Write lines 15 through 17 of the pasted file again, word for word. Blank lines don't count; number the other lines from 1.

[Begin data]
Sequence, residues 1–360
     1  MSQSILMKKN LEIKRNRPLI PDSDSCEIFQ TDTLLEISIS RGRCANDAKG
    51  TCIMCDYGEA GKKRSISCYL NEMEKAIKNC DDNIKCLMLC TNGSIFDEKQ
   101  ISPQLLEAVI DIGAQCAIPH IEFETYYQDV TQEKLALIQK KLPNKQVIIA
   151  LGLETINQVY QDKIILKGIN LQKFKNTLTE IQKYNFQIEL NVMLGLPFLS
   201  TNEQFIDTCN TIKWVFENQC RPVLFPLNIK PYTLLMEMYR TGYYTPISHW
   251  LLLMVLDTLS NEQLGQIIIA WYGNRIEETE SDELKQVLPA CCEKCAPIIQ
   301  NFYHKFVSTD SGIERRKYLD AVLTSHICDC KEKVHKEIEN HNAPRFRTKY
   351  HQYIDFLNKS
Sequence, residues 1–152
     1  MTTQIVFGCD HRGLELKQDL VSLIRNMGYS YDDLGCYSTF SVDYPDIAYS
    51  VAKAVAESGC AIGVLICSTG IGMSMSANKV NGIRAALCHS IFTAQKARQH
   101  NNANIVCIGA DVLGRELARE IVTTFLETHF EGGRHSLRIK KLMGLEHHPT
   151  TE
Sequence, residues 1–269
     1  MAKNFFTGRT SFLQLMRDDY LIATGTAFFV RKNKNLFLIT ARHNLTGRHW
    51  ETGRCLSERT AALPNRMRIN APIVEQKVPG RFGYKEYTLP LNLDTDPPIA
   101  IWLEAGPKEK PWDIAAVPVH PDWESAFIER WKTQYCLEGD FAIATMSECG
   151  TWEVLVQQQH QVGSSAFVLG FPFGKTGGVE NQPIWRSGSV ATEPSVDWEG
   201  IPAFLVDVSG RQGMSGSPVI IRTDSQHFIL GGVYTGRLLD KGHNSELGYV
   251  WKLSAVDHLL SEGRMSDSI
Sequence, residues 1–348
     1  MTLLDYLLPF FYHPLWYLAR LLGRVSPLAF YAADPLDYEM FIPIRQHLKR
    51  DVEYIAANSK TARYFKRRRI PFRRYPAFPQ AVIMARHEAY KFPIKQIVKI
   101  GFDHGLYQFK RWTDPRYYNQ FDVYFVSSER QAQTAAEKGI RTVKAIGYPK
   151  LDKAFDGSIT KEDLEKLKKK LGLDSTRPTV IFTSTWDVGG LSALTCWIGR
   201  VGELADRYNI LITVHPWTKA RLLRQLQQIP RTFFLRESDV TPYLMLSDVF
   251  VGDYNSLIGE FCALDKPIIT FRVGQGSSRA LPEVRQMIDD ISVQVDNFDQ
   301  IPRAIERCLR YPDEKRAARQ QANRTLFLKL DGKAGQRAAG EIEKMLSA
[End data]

Sequence, residues 1–269
     1  MAKNFFTGRT SFLQLMRDDY LIATGTAFFV RKNKNLFLIT ARHNLTGRHW
    51  ETGRCLSERT AALPNRMRIN APIVEQKVPG RFGYKEYTLP LNLDTDPPIA